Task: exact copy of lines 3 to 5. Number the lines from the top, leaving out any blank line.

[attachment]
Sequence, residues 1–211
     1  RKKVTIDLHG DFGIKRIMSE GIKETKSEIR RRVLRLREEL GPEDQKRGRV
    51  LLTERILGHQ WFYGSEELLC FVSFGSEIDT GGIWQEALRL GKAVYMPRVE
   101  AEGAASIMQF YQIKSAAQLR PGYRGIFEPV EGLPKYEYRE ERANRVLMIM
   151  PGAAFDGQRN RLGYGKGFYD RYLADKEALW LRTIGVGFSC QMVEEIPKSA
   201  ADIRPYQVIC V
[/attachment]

    51  LLTERILGHQ WFYGSEELLC FVSFGSEIDT GGIWQEALRL GKAVYMPRVE
   101  AEGAASIMQF YQIKSAAQLR PGYRGIFEPV EGLPKYEYRE ERANRVLMIM
   151  PGAAFDGQRN RLGYGKGFYD RYLADKEALW LRTIGVGFSC QMVEEIPKSA